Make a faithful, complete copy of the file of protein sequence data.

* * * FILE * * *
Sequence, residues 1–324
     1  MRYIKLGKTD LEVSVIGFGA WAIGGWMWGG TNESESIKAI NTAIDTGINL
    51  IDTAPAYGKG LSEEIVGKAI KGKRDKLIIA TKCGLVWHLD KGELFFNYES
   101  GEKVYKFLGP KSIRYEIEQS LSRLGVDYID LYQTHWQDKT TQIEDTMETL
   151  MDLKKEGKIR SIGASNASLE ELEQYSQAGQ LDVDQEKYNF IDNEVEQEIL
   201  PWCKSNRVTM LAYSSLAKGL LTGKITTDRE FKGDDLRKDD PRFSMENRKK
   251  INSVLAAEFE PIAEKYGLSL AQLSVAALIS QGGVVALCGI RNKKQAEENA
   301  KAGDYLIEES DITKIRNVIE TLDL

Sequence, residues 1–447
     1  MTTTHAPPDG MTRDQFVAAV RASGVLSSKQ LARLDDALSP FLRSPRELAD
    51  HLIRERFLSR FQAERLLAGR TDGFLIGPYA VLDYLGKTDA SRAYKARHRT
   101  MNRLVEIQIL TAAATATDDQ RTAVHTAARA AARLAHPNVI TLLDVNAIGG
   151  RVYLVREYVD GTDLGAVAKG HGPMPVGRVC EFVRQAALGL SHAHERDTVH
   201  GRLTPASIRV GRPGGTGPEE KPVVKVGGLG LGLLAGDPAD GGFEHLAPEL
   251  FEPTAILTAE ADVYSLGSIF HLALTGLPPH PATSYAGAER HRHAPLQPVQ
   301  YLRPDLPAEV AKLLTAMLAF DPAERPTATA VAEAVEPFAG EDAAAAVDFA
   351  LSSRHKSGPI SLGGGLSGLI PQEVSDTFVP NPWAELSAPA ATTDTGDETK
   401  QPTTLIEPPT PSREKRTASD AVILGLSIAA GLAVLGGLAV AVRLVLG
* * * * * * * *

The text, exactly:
Sequence, residues 1–324
     1  MRYIKLGKTD LEVSVIGFGA WAIGGWMWGG TNESESIKAI NTAIDTGINL
    51  IDTAPAYGKG LSEEIVGKAI KGKRDKLIIA TKCGLVWHLD KGELFFNYES
   101  GEKVYKFLGP KSIRYEIEQS LSRLGVDYID LYQTHWQDKT TQIEDTMETL
   151  MDLKKEGKIR SIGASNASLE ELEQYSQAGQ LDVDQEKYNF IDNEVEQEIL
   201  PWCKSNRVTM LAYSSLAKGL LTGKITTDRE FKGDDLRKDD PRFSMENRKK
   251  INSVLAAEFE PIAEKYGLSL AQLSVAALIS QGGVVALCGI RNKKQAEENA
   301  KAGDYLIEES DITKIRNVIE TLDL

Sequence, residues 1–447
     1  MTTTHAPPDG MTRDQFVAAV RASGVLSSKQ LARLDDALSP FLRSPRELAD
    51  HLIRERFLSR FQAERLLAGR TDGFLIGPYA VLDYLGKTDA SRAYKARHRT
   101  MNRLVEIQIL TAAATATDDQ RTAVHTAARA AARLAHPNVI TLLDVNAIGG
   151  RVYLVREYVD GTDLGAVAKG HGPMPVGRVC EFVRQAALGL SHAHERDTVH
   201  GRLTPASIRV GRPGGTGPEE KPVVKVGGLG LGLLAGDPAD GGFEHLAPEL
   251  FEPTAILTAE ADVYSLGSIF HLALTGLPPH PATSYAGAER HRHAPLQPVQ
   301  YLRPDLPAEV AKLLTAMLAF DPAERPTATA VAEAVEPFAG EDAAAAVDFA
   351  LSSRHKSGPI SLGGGLSGLI PQEVSDTFVP NPWAELSAPA ATTDTGDETK
   401  QPTTLIEPPT PSREKRTASD AVILGLSIAA GLAVLGGLAV AVRLVLG